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Dale Yu: Review of Atiwa

  • Designer: Uwe Rosenberg
  • Publisher: Lookout Games
  • Players: 1-4
  • Age: 12+
  • Time: 30 min per player
  • Played with review copy provided by Lookout Games

atiwa

Per the rules: “The Atiwa Range is a region of southeastern Ghana in Africa consisting of steep-sided hills with rather flat summits. A large portion of the range comprises an evergreen forest reserve, which is home to many endangered species. However, logging and hunting for bushmeat, as well as mining for gold and bauxite, are putting the reserve under a lot of pressure.

Meanwhile, in the nearby town of Kibi, the mayor is causing a stir by giving shelter to a large number of fruit bats in his own garden. This man has recognized the great value the animals have in deforested regions of our planet: Fruit bats sleep during the day and take off at sunset in search of food, looking for suitable fruit trees up to sixty miles away. They excrete the seeds of the consumed fruit, disseminating them across large areas as they fly home. A single colony of 150,000 fruit bats can reforest an area of up to two thousand acres a year.

Just like that mayor, in Atiwa, you know that fruit bats — once scorned and hunted as mere fruit thieves — are in fact incredibly useful animals, spreading seeds over large areas of the country. By doing so, they help to reforest fallow land and, in the medium term, improve harvests. This realization has led to a symbiotic co-operation between fruit bats and fruit farmers. The animals are kept as “pets” to increase the size of fruit farms more quickly. Tall trees are left as roosts, providing shelter for them rather than hunting them for their scant meat. However, if you have a lot of fruit bats, you need a lot of space…“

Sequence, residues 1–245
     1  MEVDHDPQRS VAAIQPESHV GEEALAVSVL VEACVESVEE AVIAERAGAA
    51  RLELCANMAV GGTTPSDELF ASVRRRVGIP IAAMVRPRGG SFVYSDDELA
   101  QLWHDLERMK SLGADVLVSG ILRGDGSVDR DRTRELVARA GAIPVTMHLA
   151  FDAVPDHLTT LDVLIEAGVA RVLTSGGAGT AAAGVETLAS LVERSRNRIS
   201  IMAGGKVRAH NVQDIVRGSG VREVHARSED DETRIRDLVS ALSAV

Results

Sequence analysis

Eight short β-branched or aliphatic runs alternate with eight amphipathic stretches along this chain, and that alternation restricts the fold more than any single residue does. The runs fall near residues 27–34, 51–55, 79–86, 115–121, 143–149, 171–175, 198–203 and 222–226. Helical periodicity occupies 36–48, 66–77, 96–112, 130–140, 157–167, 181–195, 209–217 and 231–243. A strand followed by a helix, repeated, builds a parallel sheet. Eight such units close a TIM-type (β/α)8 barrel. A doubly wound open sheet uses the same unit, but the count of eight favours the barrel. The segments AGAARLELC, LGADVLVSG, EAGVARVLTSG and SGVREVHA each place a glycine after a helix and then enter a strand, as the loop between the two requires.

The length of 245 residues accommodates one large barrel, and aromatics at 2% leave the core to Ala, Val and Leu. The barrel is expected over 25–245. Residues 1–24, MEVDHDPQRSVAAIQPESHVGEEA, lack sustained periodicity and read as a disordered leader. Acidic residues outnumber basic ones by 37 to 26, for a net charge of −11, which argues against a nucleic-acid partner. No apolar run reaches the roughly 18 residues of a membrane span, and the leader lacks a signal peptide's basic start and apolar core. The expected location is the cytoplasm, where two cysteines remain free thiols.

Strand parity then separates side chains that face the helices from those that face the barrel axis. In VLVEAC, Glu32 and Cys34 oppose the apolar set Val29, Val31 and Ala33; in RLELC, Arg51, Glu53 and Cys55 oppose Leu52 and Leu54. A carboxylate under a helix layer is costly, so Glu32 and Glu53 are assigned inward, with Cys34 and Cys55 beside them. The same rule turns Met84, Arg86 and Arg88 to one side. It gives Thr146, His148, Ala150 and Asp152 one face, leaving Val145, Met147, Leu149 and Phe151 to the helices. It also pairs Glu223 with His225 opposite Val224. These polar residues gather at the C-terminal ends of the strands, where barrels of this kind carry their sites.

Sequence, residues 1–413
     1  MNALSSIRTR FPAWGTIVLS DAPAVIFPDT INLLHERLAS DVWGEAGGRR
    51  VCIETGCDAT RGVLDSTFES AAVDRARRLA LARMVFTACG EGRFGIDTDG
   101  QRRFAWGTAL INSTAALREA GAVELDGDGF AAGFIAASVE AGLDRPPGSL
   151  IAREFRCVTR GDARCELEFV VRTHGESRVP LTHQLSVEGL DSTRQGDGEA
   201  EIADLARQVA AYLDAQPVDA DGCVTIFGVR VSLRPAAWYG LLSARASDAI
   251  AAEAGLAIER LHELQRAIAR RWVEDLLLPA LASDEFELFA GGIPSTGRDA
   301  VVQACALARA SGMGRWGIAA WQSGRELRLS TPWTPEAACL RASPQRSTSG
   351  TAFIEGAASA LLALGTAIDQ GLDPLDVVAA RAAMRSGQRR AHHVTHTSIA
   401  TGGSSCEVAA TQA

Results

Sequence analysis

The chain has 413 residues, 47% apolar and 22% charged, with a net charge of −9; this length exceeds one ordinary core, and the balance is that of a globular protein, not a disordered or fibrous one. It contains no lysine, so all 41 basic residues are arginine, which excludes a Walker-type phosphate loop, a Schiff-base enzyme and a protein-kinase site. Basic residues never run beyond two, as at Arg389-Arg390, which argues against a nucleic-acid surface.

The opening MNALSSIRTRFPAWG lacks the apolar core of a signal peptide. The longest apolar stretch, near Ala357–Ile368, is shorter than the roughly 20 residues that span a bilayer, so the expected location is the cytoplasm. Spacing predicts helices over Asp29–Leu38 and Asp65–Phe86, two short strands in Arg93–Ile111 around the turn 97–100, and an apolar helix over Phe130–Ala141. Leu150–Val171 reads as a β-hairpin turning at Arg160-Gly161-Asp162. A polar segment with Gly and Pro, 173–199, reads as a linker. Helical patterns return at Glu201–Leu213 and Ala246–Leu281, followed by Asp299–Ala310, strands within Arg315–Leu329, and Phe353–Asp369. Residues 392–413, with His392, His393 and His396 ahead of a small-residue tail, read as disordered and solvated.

In this game, you will develop a small community near the Atiwa Range, creating housing for new families and sharing your newly gained knowledge on the negative effects of mining and the importance that the fruit bats have for the environment. You must acquire new land, manage your animals and resources, and make your community prosper. The player who best balances the needs of their community and the environment wins.

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To set up the game, place the main action board on the table, putting terrain cards above the board and location cards below the board.  The action tiles are shuffled and placed on the board as well.  Put the appropriate board extension on the right based on the player count.  Place all the pollution tokens in the bag.

Each player gets a supply board and fills it with their trees, fruit, families, animals and goats.  The night card starts empty and stays nearby.  Players also get a Village card and place it under their board, and this card is seeded with a family token.  You can have an unlimited number of rows under your board, but no more than 4 cards in any row.  The three workers (meeples) in their color are placed near the board, and the three player aid cards should be kept nearby.